Though approved therapies for multiple sclerosis (MS) exist, the disabling disease remains currently incurable leading to greater interest for promoting healthier lifestyles that could ease or slow disease impacts such as hyperlipidemia, hypertension, diabetes, and heart disease which increase progression of disability, brain injury, and atrophy.
In fact, the potential beneficial role of a low-fat diet to MS patients has been under debate for a while, but without scientific evidence to firmly support it.
A pilot study by Dr. Vijayshree Yadav and colleagues, at the Oregon Health & Science University, now suggests that a very-low saturated fat, plant-based diet followed for one year by people with the most common form of MS, relapsing-remitting MS (RRMS), can be a starting point.
The results were published in the study “Low-fat, plant-based diet in multiple sclerosis: A randomized controlled trial,” in the journal Multiple Sclerosis and Related Disorders.
The study was a randomized, controlled and blind analysis of RRMS patients for one year. The patients assessed showed abnormal brain MRI, had MS for less than 15 years, were between 18-70 years old, had clinical relapse or active disease in the previous two years, and had a diet with over 30% of total daily caloric intake from fat. Patients on a disease-modifying therapy (DMT) for MS were included if they were on a stable dose for at least six months prior to screening, and if they maintained stable treatment throughout the study.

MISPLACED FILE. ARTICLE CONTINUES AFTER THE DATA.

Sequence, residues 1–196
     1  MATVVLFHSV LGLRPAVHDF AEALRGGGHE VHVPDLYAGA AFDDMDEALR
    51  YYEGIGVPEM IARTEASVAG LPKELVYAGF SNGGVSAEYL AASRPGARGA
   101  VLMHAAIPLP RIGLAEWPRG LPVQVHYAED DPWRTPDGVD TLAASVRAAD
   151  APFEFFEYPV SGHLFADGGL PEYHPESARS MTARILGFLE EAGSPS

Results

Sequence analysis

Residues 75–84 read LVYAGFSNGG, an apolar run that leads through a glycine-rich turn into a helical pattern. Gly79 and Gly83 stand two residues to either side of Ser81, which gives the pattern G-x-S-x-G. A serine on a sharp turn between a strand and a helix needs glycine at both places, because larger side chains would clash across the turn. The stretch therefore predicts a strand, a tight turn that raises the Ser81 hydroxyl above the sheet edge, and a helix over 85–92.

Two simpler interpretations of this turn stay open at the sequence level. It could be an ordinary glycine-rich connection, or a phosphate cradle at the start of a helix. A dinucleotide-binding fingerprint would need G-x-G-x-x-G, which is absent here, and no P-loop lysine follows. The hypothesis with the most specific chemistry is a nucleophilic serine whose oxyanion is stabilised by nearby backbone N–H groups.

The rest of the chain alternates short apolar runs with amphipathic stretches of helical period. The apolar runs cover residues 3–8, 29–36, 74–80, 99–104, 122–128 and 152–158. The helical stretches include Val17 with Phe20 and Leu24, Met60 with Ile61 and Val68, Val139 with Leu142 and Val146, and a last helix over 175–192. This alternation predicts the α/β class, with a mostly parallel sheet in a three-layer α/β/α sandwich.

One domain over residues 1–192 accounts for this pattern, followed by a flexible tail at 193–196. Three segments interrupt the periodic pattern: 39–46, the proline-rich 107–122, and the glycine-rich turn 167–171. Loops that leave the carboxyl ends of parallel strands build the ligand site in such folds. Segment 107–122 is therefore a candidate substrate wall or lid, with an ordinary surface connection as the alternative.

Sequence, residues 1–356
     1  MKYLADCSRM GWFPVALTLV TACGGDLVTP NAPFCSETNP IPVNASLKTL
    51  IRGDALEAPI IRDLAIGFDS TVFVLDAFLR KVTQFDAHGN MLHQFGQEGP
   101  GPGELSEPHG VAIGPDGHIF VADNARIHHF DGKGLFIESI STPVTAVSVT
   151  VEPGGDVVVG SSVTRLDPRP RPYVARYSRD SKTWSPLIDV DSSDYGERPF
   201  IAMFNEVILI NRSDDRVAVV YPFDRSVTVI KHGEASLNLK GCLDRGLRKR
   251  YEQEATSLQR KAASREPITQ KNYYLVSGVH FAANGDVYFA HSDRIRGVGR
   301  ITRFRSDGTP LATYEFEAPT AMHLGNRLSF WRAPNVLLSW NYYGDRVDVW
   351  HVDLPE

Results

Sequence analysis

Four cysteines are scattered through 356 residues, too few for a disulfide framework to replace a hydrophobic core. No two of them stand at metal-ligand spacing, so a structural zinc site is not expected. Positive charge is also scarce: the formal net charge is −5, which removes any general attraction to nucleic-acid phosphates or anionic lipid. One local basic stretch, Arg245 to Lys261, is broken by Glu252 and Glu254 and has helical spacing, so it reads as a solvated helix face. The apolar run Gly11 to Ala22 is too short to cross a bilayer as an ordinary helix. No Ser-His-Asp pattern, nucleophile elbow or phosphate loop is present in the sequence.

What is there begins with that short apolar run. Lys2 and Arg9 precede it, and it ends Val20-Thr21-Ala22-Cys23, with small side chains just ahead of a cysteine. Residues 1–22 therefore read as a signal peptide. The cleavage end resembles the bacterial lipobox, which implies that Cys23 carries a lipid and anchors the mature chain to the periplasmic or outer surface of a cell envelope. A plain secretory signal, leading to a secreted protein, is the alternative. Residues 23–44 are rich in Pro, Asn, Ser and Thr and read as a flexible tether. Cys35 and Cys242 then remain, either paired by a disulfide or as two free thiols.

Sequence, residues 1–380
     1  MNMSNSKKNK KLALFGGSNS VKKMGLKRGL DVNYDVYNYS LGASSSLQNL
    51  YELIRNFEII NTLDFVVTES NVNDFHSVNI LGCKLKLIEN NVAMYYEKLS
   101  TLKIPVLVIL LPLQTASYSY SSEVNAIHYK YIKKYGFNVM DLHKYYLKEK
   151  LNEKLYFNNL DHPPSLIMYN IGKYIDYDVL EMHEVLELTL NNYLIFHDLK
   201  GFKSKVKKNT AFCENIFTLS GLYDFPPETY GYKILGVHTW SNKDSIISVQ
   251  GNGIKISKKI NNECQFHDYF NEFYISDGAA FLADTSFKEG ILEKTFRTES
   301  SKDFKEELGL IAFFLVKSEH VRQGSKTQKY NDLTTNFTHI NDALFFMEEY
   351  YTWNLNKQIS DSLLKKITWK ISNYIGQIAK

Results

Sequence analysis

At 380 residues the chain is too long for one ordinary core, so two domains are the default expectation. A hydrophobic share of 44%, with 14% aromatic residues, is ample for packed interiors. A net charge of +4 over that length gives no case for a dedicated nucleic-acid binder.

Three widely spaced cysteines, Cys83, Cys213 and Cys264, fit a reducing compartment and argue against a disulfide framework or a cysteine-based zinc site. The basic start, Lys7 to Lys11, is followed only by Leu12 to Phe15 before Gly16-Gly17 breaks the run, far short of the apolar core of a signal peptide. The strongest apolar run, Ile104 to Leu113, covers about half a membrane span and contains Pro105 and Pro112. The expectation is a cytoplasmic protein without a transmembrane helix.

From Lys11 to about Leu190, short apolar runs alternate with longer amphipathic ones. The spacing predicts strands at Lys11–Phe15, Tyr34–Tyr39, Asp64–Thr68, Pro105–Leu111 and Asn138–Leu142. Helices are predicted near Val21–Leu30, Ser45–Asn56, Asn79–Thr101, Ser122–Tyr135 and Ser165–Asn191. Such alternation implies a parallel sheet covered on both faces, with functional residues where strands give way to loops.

Researchers analyzed several MS indicators and symptoms, including brain lesions on MRI brain scans, relapse rate, disabilities caused by the disease, body weight (body mass index – BMI) and cholesterol levels.
The study consisted of 61 patients — 32 were assigned to the very-low fat, plant-based diet; the other 29 were included in the wait-listed group (control). The low-fat diet group received residential diet training in Santa Rosa, California through the McDougall Program. They ate starchy plant foods (beans, breads, corn, pastas, potatoes, sweet potatoes, and rice with the addition of fruits and non-starchy vegetables). Meat, fish, eggs, dairy products and vegetable oils (such as corn and olive oil) were not allowed. The control group maintained their usual diet during the study. Both groups were also encouraged to perform at least 30 minutes of moderate intensity activity at least five days a week.
“Dietary intervention participants experienced reduction in weight, BMI, LDL [“bad” cholesterol] and total cholesterol and insulin levels,” the authors wrote. “These improvements would likely enhance their long-term general health if they remained on the diet.”
Improvement was also found in quality of life concerns including overall mood and levels of fatigue, the latter being a debilitating problem among RRMS patients.
The results showed no effect on MS disease activity (MRI and clinical), but the authors attribute this partly to several limitations, such as “the small sample size, short duration and the use of DMT among most participants.”
Researchers concluded: “If maintained, the improved lipid profile and BMI could yield long-term vascular health benefits. Longer studies with larger sample sizes are needed to better understand the long-term health benefits of this diet.”